NYC Education Department Expands Access to Morning After Pill to 13 Schools

The New York City Department of Education has decided to make the morning after pill available to high school teenage girls at 13 public schools, expanding a program begun last year.

According to the program, the schools can provide Plan B emergency contraception without parental consent to girls as young as 14.

A letter will be sent out to the parents of students enrolled in the 13 schools about the new policy. The parents have the option of having their child opt out of the program.

The program comes as a way of reducing teenage pregnancy. Although New York City schools already provide free condoms to students, city officials say that last year about 7,000 girls became pregnant by age 17.

In an interview with local media, City Council Speaker Christine Quinn explained that she believes the pilot program will successfully curb the teen pregnancy rate.

"High school students are very sexually active and getting pregnant so we don't have that luxury to think that they are too young to be engaged in conversations about contraception and sexual education," said Quinn to WCBS 880.

Bill Donohue, president of the Catholic League, told The Christian Post that the decision by the NYC DOE is "the kind of imperial edict that demands a lawsuit."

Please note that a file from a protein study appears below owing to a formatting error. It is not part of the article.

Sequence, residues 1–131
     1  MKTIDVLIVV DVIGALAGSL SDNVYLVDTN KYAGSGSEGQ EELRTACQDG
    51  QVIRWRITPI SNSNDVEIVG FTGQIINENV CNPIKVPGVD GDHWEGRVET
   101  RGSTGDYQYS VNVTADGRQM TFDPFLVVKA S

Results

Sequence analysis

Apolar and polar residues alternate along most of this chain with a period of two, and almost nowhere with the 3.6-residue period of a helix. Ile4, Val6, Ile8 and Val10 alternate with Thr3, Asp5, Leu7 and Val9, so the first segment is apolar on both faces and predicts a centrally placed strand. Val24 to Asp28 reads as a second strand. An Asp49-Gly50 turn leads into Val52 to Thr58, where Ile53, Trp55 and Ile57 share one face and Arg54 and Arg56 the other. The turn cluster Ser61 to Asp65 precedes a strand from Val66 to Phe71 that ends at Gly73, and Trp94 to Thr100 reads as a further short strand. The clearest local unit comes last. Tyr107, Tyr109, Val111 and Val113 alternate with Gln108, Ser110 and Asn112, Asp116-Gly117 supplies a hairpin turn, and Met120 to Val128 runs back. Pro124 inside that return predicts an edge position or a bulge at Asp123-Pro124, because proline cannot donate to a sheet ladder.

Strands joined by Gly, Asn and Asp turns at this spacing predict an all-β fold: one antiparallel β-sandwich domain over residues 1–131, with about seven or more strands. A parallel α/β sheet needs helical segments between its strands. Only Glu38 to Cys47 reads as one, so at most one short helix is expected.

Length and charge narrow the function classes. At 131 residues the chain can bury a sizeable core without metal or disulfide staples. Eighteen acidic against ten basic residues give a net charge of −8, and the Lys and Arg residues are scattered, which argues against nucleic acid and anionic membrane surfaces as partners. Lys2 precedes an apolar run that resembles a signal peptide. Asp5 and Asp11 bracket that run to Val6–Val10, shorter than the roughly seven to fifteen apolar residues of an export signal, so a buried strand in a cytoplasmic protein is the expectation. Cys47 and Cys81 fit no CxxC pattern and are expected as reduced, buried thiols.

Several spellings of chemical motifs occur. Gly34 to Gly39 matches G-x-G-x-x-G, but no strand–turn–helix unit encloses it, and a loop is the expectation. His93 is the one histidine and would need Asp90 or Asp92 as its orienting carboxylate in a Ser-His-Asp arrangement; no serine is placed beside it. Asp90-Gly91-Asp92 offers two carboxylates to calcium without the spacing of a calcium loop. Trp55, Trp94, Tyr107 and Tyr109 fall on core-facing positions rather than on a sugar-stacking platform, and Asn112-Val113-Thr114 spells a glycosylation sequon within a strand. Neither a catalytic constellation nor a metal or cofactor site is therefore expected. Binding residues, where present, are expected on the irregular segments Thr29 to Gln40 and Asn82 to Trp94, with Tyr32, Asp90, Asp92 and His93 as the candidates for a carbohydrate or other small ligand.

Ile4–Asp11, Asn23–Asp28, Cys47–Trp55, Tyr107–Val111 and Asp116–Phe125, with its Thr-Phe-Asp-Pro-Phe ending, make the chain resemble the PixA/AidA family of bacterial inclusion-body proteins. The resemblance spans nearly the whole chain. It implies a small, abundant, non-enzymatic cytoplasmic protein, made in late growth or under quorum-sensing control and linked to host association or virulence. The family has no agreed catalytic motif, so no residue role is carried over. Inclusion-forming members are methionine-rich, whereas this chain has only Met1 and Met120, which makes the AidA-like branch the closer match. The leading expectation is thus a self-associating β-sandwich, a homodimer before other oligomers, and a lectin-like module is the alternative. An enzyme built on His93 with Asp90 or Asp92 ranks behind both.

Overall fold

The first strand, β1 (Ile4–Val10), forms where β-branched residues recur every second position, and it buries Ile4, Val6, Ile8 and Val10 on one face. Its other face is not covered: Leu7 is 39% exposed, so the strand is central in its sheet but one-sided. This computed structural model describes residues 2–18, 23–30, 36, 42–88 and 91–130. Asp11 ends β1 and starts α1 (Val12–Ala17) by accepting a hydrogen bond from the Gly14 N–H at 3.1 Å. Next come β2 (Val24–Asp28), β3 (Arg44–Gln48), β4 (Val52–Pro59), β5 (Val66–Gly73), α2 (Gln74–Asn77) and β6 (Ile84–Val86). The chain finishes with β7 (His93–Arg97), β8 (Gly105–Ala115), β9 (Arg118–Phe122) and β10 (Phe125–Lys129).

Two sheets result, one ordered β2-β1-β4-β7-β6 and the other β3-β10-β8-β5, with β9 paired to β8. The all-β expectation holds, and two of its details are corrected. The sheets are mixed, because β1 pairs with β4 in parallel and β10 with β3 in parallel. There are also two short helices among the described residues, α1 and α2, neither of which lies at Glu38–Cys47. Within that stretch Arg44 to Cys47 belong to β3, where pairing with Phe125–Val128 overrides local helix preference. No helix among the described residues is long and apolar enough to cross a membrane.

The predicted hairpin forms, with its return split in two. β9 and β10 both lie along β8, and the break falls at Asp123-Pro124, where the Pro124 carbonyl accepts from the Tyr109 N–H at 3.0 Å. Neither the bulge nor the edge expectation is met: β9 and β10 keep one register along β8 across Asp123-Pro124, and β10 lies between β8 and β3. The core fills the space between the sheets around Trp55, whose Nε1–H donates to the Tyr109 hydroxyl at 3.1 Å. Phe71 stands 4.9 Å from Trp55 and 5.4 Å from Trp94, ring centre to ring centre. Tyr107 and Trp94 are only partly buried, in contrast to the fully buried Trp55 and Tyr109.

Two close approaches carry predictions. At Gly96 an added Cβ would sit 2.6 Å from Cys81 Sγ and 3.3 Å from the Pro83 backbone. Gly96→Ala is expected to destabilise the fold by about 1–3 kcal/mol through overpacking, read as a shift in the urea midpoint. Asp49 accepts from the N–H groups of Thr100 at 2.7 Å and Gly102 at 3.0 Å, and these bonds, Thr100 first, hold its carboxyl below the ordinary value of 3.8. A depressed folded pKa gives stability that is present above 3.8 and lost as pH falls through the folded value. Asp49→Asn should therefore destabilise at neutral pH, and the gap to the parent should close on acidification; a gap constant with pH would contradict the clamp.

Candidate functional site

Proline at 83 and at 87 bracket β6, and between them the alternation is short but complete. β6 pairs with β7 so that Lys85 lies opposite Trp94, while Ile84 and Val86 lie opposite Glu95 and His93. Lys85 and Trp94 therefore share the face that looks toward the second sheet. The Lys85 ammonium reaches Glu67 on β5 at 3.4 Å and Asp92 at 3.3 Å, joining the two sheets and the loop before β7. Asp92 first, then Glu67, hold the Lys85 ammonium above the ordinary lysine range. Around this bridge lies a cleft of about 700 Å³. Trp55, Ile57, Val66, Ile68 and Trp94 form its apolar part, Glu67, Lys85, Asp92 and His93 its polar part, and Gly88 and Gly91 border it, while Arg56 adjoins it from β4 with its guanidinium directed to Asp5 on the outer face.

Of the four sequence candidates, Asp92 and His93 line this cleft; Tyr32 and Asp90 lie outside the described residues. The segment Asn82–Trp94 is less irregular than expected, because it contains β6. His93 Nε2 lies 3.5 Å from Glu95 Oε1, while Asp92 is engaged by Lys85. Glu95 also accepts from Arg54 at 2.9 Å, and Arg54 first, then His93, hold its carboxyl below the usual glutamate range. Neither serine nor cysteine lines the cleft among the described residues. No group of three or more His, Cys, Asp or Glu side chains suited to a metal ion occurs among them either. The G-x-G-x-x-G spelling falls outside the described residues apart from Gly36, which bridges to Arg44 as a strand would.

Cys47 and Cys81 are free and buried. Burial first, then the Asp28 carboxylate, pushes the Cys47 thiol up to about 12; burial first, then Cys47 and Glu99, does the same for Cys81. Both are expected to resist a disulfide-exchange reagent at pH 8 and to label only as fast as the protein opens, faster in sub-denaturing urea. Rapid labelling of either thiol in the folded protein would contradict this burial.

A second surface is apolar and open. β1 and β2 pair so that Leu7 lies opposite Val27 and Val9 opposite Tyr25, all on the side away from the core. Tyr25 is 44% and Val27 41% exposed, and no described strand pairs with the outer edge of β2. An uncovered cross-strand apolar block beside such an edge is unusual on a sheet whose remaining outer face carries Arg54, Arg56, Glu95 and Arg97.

"Whenever it comes to sensitive issues such as sexuality, the government must always play an ancillary role to that of parents," said Donohue. "The provision that parents can opt out smacks of governmental arrogance and must be resisted: the government has no business eclipsing parental rights."

Known as the Connecting Adolescents to Comprehensive Health (CATCH) program, it was initially implemented last year in five schools. ABC News referred to it as being "perhaps the first of its kind in the country."

According to the NYC Board of Health, last year when implemented in five schools approximately 4.7 percent of the 12,000 teenage girls enrolled at those schools were given the prescription drug; only 1 to 2 percent of parents had chosen to opt out of the program.

"Overall, this suggests that parents are OK with the service being available to their children," said Chanel Caraway, spokeswoman for the NYC health department, to ABC News.

Caraway also told ABC News that they hope to gradually expand the CATCH program to include the entirety of New York City.

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